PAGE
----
The next morning the weather was better, so we topped up the steering fluid and launched the boat below the dam, agreeing to meet John in Bismarck. I did a morning of piloting down the river, working through some tricky sections, and George brought us into a boat ramp above town by late afternoon. We loaded the boat on the trailer and the three of us went to Days Inn. We walked up the street looking over the several restaurant choices, and readily chose Space Aliens. This was a fun bar and grill dressed out with flying saucers and futuristic trimmings and alien creatures. We were well fed on excellent burgers and ribs, and enjoyed the long walk back to the motel in the cool evening.

The next morning we got ready to go for our appointment at River City Sports, and no one could come up with the car key. In my haste in preps for the trip I had neglected to get a spare, and now Murphy had seen his opening. We took everything in the motel room and boat apart, and had AAA on the way, when John called Space Aliens and (whew) they had it. Needless to say, we left town with three strategically-placed car keys.

We dropped the boat off at the shop and were astounded to get the call in an hour and a half that it was ready. Larry, their service manager, had jumped in and handled it -- matching the excellent support we had gotten from Hewes Marine. We were very impressed. The rest of the day was spent catching up on logistics and downriver planning and we were ready to launch early.

We had many challenges the next morning in the river, getting into sandbar cul-de-sac fixes, and at one point retreating hundreds of yards upstream to find a way to some semblance of a channel. When we finally moved into open water at the inflow to Lake Oahe, we were delighted, in spite of increasing wind and chop.

We spent several hours motoring through 2-3 foot waves off our rear quarter, timing our speed to match the waves and minimize the pitching and rolling. The boat is very seaworthy, but more speed would have been punishing. We made about one-fourth of the lake's 250-mile length that day, and were fatigued when we ducked into Beaver Bay and found a nice sheltered spot to tie up behind a highway embankment for the night. I enjoyed being able to slouch a while before we cooked up another of Nan's fine dinners. This was the last of them, and our ice supplies and strict cooler management had allowed it to travel in good shape for a full two weeks.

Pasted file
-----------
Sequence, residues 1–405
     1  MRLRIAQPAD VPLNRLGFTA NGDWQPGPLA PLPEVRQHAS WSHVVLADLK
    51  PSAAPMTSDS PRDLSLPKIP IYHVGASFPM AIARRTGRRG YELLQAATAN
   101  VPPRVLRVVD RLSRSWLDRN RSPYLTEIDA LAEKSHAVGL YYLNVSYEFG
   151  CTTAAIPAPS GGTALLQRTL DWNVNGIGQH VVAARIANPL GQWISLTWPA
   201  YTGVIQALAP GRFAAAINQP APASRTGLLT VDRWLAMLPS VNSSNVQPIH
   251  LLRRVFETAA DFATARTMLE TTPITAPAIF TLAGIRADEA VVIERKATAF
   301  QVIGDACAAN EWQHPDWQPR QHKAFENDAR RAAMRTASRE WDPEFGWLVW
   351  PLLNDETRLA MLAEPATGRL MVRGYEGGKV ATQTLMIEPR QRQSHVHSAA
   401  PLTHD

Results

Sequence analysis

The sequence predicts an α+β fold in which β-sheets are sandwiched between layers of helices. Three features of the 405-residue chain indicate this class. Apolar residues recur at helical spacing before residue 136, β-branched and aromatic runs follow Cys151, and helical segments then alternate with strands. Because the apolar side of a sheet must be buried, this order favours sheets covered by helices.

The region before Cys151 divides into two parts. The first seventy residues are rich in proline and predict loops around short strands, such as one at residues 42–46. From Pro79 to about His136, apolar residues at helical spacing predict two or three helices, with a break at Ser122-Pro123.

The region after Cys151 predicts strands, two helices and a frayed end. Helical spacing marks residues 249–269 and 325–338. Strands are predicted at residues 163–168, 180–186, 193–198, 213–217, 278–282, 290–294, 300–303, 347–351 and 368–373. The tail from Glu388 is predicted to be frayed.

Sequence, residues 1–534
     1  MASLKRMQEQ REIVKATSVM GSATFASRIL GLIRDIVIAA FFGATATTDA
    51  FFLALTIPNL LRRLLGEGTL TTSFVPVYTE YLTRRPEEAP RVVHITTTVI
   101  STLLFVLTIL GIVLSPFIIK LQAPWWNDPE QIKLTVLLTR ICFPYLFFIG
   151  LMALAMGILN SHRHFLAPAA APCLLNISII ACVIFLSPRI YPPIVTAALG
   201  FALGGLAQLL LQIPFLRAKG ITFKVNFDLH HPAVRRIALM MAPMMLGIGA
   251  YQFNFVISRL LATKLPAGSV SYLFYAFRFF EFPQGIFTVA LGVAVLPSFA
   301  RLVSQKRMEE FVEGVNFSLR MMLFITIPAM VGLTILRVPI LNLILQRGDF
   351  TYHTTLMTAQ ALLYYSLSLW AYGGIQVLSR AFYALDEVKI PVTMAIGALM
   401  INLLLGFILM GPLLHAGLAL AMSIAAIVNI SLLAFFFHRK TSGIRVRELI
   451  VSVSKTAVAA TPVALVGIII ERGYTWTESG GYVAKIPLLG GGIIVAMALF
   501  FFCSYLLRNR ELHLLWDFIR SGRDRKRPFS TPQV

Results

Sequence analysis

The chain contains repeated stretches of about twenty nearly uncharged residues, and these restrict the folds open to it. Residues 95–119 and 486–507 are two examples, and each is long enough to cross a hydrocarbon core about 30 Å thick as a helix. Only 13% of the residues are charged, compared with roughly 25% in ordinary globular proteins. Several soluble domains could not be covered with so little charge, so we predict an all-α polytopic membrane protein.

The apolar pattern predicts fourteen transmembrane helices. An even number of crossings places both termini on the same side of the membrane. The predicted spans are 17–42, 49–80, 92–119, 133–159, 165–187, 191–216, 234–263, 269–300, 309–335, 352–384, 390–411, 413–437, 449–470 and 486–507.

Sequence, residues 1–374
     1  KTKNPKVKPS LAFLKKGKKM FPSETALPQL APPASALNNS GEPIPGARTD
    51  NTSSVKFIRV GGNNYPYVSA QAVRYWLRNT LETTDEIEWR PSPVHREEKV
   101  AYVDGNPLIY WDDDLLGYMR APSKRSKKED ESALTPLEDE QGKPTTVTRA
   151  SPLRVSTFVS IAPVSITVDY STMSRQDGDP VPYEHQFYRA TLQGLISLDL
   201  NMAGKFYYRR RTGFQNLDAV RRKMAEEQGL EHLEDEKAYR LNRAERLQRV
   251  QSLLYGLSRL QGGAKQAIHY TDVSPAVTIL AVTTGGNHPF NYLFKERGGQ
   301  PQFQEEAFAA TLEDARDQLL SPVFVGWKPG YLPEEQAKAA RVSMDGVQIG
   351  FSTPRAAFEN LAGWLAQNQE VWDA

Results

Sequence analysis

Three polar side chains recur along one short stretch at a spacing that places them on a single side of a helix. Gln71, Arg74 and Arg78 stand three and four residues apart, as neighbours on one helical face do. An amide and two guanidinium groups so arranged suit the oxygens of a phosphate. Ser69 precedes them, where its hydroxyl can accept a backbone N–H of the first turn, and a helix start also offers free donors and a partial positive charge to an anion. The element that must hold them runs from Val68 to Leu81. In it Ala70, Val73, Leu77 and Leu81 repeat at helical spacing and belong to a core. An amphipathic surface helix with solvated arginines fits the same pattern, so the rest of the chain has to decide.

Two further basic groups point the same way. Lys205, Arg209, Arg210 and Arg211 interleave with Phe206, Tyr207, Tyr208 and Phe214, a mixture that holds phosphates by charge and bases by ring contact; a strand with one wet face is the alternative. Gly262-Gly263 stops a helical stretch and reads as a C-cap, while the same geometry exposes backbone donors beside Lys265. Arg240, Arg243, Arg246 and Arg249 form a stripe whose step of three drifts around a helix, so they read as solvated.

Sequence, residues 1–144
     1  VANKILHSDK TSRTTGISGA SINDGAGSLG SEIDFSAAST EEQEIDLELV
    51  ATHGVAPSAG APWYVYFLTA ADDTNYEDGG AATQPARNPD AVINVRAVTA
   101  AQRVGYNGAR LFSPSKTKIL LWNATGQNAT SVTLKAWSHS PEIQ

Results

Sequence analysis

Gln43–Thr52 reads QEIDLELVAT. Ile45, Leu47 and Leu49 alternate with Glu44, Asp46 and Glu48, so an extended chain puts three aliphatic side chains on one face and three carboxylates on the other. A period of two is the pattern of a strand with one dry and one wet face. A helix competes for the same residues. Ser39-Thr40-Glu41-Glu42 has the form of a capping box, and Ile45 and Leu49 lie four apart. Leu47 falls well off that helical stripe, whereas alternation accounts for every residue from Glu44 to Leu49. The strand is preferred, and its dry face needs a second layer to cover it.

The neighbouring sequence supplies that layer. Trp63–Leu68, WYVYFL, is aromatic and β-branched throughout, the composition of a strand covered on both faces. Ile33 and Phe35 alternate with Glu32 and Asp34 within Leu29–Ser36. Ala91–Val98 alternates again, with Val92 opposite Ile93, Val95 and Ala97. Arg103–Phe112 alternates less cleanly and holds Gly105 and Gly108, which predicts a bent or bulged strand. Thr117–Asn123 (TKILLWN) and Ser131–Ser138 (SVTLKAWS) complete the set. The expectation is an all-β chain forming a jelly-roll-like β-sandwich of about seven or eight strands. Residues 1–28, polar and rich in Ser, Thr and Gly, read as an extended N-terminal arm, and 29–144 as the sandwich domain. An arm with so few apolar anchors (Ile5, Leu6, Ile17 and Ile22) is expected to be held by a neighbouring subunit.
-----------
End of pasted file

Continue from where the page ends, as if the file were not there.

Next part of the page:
The next day was sunny and Oahe was smooth as glass. We put the boat up on plane and made the sixty-odd miles to Mobridge, SD by lunchtime. The Honda 4-stroke just hummed along.

We stayed at Bridge City Marina, below town, and enjoyed getting to know the new owner, Mike Norden. Mike was rebuilding and improving the marina after the huge flood last year. We would continue to hear stories related to that flood all along the river. We stayed with John that night in a motel in town, and all three of us had walleye for dinner, for the first time ever. It is a very tasty fish, which we don't have in Colorado. I liked it so much that I ordered it the next night as well.

There was some chop on the lake the next morning, but we wanted to get to Oahe Dam at Pierre that day, so motored along aggressively through one-foot waves. Banging through waves sounded like we were hitting sunken trees, but Little Sadie slammed along like a tank.

We came to the dam by early afternoon, met John, and portaged the boat to the Oahe Marina and Resort, below the dam. This was the nicest, most full-service marina we had seen, with a good bar & grill, store, laundry, and showers in the adjacent campground. Steve Rounds, the owner, had just put in boat slips in their lagoon this year, as part of the renovation after last year's flood. Steve is a very nice guy, who took an active interest in getting me the best information on hazards that might exist downstream.

This was the end of George's leg of the trip, as he and John both had to get back to Denver to meet other obligations. We got together for dinner at the marina grill that night and celebrated getting through the most challenging part -- the first 775 miles -- of this voyage.

After a good night's sleep on the boat, I had a quiet Sunday in the marina, looking forward to the arrival of my next Executive Officer (XO), my friend and my son Adam's father-in-law, Larry Lavin of Lake Okoboji, in northwest Iowa. It was a good day to relax and regroup.


  1. Good reading, glad you are doing well.


  2. Very glad to read the updates. Your writing style is enjoyable to read. Thanks for taking us along.

  3. Glad to hear you are making good progress down river. Really enjoy reading your updates. Very hot and humid today here at Indian Hills -- much warmer than when you were here.